What difference does it make whether the anecdotal self-reports are being published in medical journals or on amateur hobby websites? In either case you still have to take the patients' word when they say they feel better. And who cares if it's a placebo? Do they feel better or not?
By all means, critique foodsellers making untested medical claims. But don't mock the self-reports of patients who are proving more successful at treating their own illnesses than you are--especially when the treatment they have found has centuries of traditional use.
If they are saying that it works, then get in your lab and start testing.
I have been experimenting with kefir for the last two weeks. Despite the fact that I am a natural skeptic AND I hate plain yogurt, there is no question that my Crohn's, my ADHD, my chronic anxiety, and my restless limb symptoms are significantly improving, with a marked improvement in my bowel regularity. And the stuff tastes and smells absolutely delicious
I am indeed contemptuous and condescending regarding of the expounders of nonsense. Nothing else seems to work as well when my goal requires drawing attention to quackery. Besides that, its fun!
One of the important points raised in the Anonymous comment relates to "lack of evidence is not evidence of lack." This appears to constitute the main point of Anonymous's first paragraph. Great. I get that. But, understand that simply being ignorant is not an argument in favor of anything! The fact that I don't know, simply means that I don't know! It doesn't mean that I have to err in favor of this week's favorite quackery. That would be an argument from ignorance--something that a skeptic, like Anonymous claims to be in his last paragraph, would understand. The burden of proof regarding the efficacy of a treatment modality lies with the purveyor. Just because some crackpot claims he has a cure form an illness does not mean I need to break out the lab equipment. The research dollars wasted by Anonymous's approach would be astounding.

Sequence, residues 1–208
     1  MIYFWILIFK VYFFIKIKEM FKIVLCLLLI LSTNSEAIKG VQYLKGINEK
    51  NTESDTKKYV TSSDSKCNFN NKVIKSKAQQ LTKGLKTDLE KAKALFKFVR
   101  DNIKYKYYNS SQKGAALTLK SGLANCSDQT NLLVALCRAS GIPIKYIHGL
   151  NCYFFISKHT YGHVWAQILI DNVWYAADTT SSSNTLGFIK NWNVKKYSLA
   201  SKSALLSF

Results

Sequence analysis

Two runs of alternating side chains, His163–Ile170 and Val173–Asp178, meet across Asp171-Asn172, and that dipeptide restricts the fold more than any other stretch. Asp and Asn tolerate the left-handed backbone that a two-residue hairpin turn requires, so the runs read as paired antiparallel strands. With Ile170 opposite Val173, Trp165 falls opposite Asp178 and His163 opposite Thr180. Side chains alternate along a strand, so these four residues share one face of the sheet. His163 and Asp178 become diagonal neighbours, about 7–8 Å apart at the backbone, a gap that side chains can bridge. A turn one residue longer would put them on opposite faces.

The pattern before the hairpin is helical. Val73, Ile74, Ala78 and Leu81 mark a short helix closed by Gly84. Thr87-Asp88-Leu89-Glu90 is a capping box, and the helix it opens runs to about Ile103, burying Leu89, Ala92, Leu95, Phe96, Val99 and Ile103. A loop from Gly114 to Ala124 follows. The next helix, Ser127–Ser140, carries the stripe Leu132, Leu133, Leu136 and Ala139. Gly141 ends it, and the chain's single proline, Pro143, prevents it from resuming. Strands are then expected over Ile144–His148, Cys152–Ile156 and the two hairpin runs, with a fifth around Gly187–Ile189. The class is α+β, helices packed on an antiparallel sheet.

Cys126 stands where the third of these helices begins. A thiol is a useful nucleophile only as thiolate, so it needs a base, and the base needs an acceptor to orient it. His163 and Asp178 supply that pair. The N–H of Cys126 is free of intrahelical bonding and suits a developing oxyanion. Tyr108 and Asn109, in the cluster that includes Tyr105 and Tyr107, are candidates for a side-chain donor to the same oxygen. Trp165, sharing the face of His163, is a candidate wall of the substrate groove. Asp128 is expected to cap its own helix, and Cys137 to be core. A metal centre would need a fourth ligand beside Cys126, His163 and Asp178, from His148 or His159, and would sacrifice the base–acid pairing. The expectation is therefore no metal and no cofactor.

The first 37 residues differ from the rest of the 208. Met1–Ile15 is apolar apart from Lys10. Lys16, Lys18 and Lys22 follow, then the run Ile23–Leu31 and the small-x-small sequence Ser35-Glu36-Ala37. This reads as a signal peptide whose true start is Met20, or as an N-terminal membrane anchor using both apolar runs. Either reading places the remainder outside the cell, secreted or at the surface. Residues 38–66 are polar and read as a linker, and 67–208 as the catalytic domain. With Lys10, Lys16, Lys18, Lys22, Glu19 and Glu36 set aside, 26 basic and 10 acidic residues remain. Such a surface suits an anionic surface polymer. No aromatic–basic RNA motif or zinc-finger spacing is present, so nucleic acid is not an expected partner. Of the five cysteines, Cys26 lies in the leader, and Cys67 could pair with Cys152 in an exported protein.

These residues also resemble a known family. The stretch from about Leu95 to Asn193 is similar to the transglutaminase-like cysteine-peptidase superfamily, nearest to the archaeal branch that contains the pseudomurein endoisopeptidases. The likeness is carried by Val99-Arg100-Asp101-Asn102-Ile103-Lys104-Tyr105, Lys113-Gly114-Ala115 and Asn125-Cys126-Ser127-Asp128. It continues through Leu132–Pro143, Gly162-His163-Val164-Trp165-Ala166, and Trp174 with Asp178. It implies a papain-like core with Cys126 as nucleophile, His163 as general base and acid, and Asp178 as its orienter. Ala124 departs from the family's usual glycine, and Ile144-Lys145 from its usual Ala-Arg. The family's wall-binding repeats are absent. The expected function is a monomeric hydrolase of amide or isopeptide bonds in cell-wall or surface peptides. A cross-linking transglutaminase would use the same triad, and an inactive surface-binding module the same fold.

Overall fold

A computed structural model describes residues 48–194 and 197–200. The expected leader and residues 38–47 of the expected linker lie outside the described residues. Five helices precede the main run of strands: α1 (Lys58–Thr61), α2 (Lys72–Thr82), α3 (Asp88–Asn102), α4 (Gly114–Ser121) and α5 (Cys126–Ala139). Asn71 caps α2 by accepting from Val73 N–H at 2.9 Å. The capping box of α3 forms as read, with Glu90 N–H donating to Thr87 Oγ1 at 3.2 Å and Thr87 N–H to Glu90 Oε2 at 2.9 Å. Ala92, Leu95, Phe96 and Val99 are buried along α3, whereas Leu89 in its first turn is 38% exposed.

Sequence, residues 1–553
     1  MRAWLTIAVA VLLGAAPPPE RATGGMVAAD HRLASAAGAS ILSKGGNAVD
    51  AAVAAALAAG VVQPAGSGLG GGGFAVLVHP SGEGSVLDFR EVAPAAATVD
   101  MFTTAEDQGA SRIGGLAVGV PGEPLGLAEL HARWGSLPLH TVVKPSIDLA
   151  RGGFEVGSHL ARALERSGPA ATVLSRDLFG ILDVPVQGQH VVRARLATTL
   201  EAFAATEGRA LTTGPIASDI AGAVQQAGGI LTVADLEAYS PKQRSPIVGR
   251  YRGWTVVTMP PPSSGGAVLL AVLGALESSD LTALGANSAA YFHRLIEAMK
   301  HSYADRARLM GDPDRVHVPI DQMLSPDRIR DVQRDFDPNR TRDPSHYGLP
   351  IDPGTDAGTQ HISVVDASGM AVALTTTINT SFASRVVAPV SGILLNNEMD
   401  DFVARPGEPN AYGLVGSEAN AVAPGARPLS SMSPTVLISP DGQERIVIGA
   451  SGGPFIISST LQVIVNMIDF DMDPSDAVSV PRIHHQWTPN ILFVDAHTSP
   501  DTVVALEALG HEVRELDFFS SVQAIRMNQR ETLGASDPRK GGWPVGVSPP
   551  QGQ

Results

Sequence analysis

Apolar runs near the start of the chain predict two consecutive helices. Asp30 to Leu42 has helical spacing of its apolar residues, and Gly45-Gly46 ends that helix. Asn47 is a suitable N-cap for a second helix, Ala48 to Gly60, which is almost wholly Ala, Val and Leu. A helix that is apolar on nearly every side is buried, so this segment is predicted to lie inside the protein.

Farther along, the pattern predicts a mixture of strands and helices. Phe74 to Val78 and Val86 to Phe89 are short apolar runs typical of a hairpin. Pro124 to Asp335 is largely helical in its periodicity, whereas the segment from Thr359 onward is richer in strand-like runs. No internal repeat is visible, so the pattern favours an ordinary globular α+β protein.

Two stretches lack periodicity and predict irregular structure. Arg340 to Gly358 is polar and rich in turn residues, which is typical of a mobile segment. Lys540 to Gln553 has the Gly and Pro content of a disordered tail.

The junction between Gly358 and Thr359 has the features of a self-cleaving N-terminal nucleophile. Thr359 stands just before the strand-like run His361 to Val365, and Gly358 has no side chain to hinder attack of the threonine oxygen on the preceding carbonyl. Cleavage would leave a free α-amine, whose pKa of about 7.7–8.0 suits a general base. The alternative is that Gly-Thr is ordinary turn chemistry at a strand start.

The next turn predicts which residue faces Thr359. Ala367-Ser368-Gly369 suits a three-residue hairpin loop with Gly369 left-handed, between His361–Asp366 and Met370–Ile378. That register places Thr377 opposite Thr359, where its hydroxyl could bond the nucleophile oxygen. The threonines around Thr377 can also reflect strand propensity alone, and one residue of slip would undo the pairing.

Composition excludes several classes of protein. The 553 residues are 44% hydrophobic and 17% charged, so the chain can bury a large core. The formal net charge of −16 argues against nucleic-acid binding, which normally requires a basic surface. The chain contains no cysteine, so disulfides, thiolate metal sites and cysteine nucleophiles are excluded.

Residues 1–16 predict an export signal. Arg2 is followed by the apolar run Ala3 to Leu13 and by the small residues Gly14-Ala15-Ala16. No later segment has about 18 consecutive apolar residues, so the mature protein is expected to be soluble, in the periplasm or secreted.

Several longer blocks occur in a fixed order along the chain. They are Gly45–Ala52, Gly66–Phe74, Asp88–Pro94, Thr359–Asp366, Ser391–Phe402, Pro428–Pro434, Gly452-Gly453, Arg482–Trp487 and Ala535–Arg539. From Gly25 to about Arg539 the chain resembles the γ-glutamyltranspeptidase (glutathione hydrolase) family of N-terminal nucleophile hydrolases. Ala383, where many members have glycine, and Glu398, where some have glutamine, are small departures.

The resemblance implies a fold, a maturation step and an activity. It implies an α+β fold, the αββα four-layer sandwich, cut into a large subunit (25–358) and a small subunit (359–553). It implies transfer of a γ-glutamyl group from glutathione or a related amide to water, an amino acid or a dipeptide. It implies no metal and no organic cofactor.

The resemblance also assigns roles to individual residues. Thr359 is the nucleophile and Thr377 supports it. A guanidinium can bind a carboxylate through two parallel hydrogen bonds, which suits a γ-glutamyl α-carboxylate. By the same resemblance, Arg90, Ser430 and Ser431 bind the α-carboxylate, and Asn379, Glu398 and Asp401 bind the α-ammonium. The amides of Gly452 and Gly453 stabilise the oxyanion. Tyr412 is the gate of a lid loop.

Anonymous's second paragraph addresses, first, anecdotal evidence. He implies that anecdotal evidence is an accepted, and even trustworthy, part of scientific research. Medical and, more generally, science researchers, understand exactly the opposite to be true. They understand that human beings are excellent at pattern recognition, but phenomenally terrible at statistics. Anecdotal evidence is astoundingly error-prone. That means that anecdotal evidence is considered untrustworthy. In fact, one of the principle goals of a researcher in science is to bias-proof the research as much as possible. In other words, the researchers work hard to eliminate sources of personal opinion and belief from their studies.
The second point in the same paragraph, regarding placebos, is more complicated. I believe Anonymous means, essentially, that the "end justifies the means." Hey, if a placebo works, what's the harm, right? I believe this is a particularly paternalistic and dangerous approach to healthcare. How would you feel if your physician recommended a treatment for you that he or she absolutely knew, worked no better than fake treatment, in other words, was just a placebo. Worse yet, how would you feel if your physician, billed you, and your insurance, $130 for something he or she knew worked no better than that fake treatment? In other economic areas like retail and auto repair, obtaining money by lying to customers is called fraud.
Patients have a right to expect that their physicians will tell them the truth about risks and benefits for tests and treatments, and that their physicians will not bill for services or treatments that the physicians know provide no benefit beyond that obtained by fake therapy.
Anonymous's last paragraph is just more anecdotal evidence. "The plural of anecdote is anecdotes, not data."